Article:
Laurel and Associates, Ltd.

Tip #490: How to Avoid an 85% Post-Training Loss of Learning

Tip #490: How to Avoid an 85% Post-Training Loss of Learning

On November 4, 2013, Posted by , In management and leadership, By ,, , With Comments Off on Tip #490: How to Avoid an 85% Post-Training Loss of Learning

“The way positive reinforcement is carried out is more important than the amount.” B. F. Skinner

Research by Robert O. Brinkerhoff shows that only 15 percent of what is learned during training will be applied on the job if it is not reinforced and monitored.

So what does that mean for us as trainers and facilitators?

We need to actively involve our participants’ managers and supervisors in the training.

Ideally, they should be the individuals who originally identified the need for training, so they have a vested interest in the outcome. If that is the case, it would be helpful to have the participants create action plans during class that commit them to apply what they have learned.

There should be a place on the action plan for the employee’s supervisor to sign off as to having seen and discussed the action plan. Supervisors could be alerted to the need to review the action plans and then both reinforce and monitor the employee’s performance.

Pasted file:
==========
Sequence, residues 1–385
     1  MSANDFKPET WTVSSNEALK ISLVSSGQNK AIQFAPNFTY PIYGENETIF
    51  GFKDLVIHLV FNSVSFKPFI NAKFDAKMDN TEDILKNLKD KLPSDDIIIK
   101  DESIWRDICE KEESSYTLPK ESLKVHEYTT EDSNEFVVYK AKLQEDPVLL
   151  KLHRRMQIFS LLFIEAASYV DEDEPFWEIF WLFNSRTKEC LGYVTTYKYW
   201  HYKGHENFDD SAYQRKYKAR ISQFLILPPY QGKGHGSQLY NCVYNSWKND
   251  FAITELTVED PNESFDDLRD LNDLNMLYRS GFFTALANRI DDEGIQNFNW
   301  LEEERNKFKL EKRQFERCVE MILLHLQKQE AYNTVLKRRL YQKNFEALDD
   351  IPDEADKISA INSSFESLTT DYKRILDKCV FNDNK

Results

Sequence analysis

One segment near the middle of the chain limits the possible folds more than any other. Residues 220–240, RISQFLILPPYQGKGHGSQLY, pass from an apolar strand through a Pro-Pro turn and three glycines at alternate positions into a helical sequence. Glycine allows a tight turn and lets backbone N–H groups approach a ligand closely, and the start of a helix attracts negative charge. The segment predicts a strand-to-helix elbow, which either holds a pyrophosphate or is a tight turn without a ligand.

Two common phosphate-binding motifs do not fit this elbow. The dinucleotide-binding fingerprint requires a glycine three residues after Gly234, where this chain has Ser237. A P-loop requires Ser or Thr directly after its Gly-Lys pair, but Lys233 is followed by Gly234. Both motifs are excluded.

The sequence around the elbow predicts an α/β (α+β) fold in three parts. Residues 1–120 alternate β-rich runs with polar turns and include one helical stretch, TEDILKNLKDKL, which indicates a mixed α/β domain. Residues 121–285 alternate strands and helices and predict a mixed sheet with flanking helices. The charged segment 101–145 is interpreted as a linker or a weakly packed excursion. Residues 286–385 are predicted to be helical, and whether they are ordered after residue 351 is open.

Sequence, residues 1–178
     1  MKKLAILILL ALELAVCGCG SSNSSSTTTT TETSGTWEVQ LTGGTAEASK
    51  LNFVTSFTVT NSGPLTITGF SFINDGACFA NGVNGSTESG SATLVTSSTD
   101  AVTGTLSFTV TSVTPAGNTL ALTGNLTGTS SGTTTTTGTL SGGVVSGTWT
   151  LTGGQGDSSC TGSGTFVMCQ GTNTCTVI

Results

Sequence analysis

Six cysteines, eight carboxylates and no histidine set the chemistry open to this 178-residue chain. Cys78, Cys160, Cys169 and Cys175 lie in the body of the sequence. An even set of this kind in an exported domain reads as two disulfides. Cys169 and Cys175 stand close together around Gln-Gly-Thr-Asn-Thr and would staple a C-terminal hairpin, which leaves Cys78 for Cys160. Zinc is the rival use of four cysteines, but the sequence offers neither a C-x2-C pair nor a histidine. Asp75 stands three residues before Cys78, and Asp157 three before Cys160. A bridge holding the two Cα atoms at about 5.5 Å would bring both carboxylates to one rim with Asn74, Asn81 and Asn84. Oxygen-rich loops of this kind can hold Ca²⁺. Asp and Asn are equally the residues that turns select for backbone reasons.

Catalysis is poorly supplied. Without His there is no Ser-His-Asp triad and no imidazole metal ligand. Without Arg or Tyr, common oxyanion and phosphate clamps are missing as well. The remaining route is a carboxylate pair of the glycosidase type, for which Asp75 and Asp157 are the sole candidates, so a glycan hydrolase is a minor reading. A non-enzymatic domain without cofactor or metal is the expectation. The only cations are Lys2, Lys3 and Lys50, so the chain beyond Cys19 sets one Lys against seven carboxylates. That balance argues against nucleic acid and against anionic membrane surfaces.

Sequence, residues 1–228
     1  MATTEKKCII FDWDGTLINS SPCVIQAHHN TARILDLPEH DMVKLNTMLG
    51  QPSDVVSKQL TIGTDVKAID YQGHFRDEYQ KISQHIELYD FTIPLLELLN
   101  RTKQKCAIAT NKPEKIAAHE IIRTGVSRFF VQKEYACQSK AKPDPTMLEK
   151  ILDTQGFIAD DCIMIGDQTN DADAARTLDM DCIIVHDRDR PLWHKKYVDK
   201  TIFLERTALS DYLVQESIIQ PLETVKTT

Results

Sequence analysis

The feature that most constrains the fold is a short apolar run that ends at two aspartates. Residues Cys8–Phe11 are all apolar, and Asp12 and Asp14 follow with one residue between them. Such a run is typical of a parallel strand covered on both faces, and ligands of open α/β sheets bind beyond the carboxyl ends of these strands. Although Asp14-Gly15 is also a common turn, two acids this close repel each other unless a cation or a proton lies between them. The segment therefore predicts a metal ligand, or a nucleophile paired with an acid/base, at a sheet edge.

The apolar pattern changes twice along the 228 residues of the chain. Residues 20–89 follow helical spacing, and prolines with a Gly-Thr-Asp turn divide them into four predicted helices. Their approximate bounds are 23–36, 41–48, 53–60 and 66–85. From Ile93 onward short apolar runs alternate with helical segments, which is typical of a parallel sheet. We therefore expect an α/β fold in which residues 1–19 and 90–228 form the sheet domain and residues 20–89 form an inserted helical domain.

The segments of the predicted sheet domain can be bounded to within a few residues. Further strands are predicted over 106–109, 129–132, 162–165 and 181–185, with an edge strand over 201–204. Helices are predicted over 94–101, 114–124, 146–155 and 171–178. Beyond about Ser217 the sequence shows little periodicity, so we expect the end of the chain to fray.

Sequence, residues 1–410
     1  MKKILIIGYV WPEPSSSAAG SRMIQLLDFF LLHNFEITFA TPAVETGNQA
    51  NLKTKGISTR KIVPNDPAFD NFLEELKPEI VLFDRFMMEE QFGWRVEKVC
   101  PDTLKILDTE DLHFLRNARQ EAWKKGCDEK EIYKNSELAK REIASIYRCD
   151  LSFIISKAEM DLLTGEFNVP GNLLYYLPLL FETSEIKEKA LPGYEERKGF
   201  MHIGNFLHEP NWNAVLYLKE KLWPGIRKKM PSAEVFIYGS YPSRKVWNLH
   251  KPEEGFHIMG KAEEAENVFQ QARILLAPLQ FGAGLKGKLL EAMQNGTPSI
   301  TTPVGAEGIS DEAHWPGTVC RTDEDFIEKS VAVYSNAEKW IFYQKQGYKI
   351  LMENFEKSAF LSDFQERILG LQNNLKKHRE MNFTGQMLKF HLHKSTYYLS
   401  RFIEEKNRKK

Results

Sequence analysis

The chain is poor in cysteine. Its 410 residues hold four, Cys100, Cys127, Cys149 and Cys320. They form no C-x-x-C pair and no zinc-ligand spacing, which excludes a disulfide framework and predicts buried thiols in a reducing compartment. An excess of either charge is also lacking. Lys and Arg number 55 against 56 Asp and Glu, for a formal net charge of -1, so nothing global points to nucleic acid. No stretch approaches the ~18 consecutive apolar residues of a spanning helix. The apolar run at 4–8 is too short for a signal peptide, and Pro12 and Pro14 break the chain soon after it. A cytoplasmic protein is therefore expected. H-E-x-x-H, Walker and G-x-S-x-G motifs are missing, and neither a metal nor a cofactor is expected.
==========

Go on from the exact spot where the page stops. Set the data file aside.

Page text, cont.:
Another approach is for the supervisor to sit down with the employee and ask the employee to report on what was learned and what the plan is to apply what was learned. If a face-to-face meeting is impractical, the employee might be required to write a report along these lines.

At the very least, we should initiate communications with the supervisors regarding the learning goals and objectives, so that they understand the changed behavior we expect to see when the participants return to their workplaces.

We could give them a monitoring checklist to make it as easy as possible for the supervisors to observe and document performance.

We should also suggest to supervisors some strategies to reinforce learning.

Having the employee discuss the class or the action plan with the supervisor will provide some reinforcement.

In addition, since the best way to learn something is to teach it to someone else, we could recommend that the employee teach what was learned to other employees who could not attend the training.

What else can we do to ensure that the necessary reinforcement and monitoring occurs when our participants are back on the job?

May your learning be sweet.

Deborah

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